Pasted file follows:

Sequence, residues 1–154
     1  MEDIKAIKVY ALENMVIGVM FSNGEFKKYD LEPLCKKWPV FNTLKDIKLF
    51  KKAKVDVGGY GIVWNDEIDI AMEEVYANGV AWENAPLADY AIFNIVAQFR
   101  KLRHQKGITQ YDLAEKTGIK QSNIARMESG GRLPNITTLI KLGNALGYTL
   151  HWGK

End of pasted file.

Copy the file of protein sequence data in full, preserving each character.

Sequence, residues 1–154
     1  MEDIKAIKVY ALENMVIGVM FSNGEFKKYD LEPLCKKWPV FNTLKDIKLF
    51  KKAKVDVGGY GIVWNDEIDI AMEEVYANGV AWENAPLADY AIFNIVAQFR
   101  KLRHQKGITQ YDLAEKTGIK QSNIARMESG GRLPNITTLI KLGNALGYTL
   151  HWGK